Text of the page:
"I threw the motor and the propeller began to hum. Another half minute and the machine was moving, gaining speed at every turn. The pontoons hit the white caps at the mouth of the cove and the old water bird skipped like a hard flung flat stone from wave to wave. She looks like she was bumping the bumps when she does that but she rides like a feather bed in twice the gale this was."
Wald was living the scene again and his eyes brightened as he turned and indicated just where the water flyer took the waves.
"When I first sighted the overturned boat," he went on, "it was about two miles away. The spray from where the pontoon bows struck the water stung my face and showered over the planes (wings), but with a hop, skip and a jump and riding like a rocking chair, the old flyer hit the high spots on the bay, and before you could have counted a hundred I was within fifty feet of the struggling Strohbach, now almost all in and going under.
"I could see his friend, who was still clinging to the capsized boat, was in no danger and that motor boats were being started up along shore to get ot him, so I kept my eye on the weakened man in the water, and shouted to him to hold up.
"Then I shut off the motor, and turned the rudder so that we scraped the right pontoon within eight inches of him. As soon as I had stopped the engine I stepped down on the frame that holds the aeroplane to the pontoons, and, as we went past the man in the water, I reached down and held on like the proverbial drowning man, and the impetus of the moving machine carried us still into the wind for fifteen feet, when the drag anchor of his bulk in the water stopped our headway, and the 35-mile wind we were into began to blow us back.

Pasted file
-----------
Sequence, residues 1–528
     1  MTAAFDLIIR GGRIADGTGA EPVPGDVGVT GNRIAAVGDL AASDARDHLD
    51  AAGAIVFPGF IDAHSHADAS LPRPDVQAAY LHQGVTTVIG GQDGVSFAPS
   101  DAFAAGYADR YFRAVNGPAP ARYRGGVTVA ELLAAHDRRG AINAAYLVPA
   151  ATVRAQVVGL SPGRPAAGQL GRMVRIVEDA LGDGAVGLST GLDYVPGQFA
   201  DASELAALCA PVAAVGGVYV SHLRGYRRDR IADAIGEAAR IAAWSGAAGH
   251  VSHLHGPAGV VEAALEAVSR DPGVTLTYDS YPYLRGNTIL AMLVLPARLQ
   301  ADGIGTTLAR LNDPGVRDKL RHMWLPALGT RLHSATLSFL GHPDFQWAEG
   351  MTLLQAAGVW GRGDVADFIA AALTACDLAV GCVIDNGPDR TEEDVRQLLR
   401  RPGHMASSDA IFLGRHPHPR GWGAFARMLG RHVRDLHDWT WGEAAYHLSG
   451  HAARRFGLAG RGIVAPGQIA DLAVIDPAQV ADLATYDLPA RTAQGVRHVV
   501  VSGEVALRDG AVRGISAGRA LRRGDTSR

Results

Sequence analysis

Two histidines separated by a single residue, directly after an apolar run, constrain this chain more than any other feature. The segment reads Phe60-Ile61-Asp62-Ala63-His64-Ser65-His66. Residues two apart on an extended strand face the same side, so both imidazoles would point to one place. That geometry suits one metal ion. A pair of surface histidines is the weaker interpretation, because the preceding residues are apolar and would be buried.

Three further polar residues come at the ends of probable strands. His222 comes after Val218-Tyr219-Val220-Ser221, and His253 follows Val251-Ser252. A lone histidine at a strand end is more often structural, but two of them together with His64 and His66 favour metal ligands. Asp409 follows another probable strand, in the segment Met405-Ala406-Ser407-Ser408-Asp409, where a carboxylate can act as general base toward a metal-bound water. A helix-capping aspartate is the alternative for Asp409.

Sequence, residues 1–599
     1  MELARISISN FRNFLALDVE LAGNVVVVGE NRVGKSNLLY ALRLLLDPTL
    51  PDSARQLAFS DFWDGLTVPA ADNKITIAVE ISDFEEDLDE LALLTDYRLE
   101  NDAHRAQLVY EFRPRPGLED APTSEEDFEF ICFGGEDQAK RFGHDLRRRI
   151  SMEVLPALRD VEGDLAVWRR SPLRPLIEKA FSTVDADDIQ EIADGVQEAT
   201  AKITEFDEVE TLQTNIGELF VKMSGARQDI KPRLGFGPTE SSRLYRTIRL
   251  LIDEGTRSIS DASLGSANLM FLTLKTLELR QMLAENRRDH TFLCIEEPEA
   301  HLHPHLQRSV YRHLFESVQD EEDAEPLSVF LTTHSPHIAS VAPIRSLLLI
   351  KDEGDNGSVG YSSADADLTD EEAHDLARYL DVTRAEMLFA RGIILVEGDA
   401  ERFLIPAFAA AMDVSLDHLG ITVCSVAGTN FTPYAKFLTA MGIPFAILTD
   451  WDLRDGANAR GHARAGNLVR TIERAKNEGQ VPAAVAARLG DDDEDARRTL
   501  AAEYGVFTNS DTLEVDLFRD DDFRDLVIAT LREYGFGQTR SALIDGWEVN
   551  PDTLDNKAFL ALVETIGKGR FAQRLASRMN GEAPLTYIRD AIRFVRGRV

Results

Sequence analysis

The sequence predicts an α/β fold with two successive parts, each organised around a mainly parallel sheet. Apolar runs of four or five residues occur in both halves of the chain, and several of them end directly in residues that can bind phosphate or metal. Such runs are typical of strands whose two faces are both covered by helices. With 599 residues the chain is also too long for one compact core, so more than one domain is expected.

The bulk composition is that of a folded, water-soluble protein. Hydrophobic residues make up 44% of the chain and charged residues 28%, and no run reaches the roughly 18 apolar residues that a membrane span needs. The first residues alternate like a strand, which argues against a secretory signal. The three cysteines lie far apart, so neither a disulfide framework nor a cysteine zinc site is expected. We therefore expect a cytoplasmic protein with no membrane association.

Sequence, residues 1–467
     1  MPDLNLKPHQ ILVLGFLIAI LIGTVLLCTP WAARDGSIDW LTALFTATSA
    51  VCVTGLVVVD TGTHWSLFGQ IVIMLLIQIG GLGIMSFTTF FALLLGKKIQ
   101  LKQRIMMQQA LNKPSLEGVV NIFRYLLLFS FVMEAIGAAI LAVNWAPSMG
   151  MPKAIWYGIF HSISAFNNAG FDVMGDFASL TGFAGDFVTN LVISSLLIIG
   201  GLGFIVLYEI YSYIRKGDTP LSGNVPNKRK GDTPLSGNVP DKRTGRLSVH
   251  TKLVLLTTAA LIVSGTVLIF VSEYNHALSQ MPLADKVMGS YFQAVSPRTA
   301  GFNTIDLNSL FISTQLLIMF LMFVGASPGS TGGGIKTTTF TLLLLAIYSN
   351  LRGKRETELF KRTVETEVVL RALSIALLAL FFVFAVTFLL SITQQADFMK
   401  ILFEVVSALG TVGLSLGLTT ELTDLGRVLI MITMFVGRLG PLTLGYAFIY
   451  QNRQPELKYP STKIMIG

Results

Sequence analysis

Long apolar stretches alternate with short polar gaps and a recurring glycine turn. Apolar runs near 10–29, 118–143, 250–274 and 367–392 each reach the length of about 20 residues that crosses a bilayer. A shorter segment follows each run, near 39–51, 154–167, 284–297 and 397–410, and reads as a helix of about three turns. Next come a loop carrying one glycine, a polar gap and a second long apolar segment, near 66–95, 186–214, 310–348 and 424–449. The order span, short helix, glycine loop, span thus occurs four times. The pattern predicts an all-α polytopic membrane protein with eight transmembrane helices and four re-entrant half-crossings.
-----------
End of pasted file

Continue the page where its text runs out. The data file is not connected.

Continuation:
"I let the man get his breath and strength as we drifted back, and then, bringing him around between the pontoons, helped him up into the passenger seat. He was weak and full of water, and he wasn't quite aware of what had happened to him until I got the engine started again and brought him back to the hangar."
Wald led me back to the hangar and we went inside and looked at the winged thing.
"It was an important day for Mr. Strohbach of Flatbush," resumed the little aviator as he patted a water-warped plane, "but it was of equal importance to the thousands the hydroaeroplane is going to save from drowning from this on. I could have picked up ten Strohbachs and brought them safely to land, and I could have picked them all up, one after another, and saved all ten at the same time."
He picked up a piece of oiled waste and rubbed the brasswork of the motor as he talked.
"Of course, with ten people the hydroaeroplane wouldn't have risen up into the air from the water, but the buoyancy of its pontoons and the strength of its engines would have been sufficient to bear us all up and bring us all in."
I then questioned him about real rescue work by hydroaeroplane at sea.
"The hydroaeroplane will not only pick up the man overboard as I picke dup Strohbach," he replied, "but it cal operate in a gale and go out to sea in the teeth of a storm and take a line out to a wreck. Not only that, but it could come along the lee side of the wreck and and pick up men, women and children who might be lowered over the side.
"When a ship goes ashore in a storm a few years from now," he said enthusiastically, "the cry will not be 'Man the lifeboat' it will be 'Man the hydroaeroplane!' - maybe the coast guards will just shorten the word to 'plane.'